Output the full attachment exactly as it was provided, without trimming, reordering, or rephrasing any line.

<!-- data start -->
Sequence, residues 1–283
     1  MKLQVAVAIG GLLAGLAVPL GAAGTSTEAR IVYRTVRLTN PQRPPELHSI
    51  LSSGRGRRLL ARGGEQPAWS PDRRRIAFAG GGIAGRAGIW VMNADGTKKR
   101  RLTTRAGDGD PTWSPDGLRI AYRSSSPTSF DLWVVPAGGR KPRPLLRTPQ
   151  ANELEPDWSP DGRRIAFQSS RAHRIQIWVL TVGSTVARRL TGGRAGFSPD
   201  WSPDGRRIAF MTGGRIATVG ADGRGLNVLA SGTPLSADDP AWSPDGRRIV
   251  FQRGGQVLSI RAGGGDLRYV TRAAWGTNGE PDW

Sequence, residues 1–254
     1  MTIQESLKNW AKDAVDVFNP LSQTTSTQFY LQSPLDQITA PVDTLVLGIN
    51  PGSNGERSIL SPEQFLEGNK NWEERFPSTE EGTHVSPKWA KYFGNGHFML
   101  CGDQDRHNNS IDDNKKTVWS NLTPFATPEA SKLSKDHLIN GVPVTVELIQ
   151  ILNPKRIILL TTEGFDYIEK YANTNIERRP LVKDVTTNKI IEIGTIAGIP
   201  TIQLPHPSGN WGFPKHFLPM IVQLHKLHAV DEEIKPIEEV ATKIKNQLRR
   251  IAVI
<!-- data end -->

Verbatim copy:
Sequence, residues 1–283
     1  MKLQVAVAIG GLLAGLAVPL GAAGTSTEAR IVYRTVRLTN PQRPPELHSI
    51  LSSGRGRRLL ARGGEQPAWS PDRRRIAFAG GGIAGRAGIW VMNADGTKKR
   101  RLTTRAGDGD PTWSPDGLRI AYRSSSPTSF DLWVVPAGGR KPRPLLRTPQ
   151  ANELEPDWSP DGRRIAFQSS RAHRIQIWVL TVGSTVARRL TGGRAGFSPD
   201  WSPDGRRIAF MTGGRIATVG ADGRGLNVLA SGTPLSADDP AWSPDGRRIV
   251  FQRGGQVLSI RAGGGDLRYV TRAAWGTNGE PDW

Sequence, residues 1–254
     1  MTIQESLKNW AKDAVDVFNP LSQTTSTQFY LQSPLDQITA PVDTLVLGIN
    51  PGSNGERSIL SPEQFLEGNK NWEERFPSTE EGTHVSPKWA KYFGNGHFML
   101  CGDQDRHNNS IDDNKKTVWS NLTPFATPEA SKLSKDHLIN GVPVTVELIQ
   151  ILNPKRIILL TTEGFDYIEK YANTNIERRP LVKDVTTNKI IEIGTIAGIP
   201  TIQLPHPSGN WGFPKHFLPM IVQLHKLHAV DEEIKPIEEV ATKIKNQLRR
   251  IAVI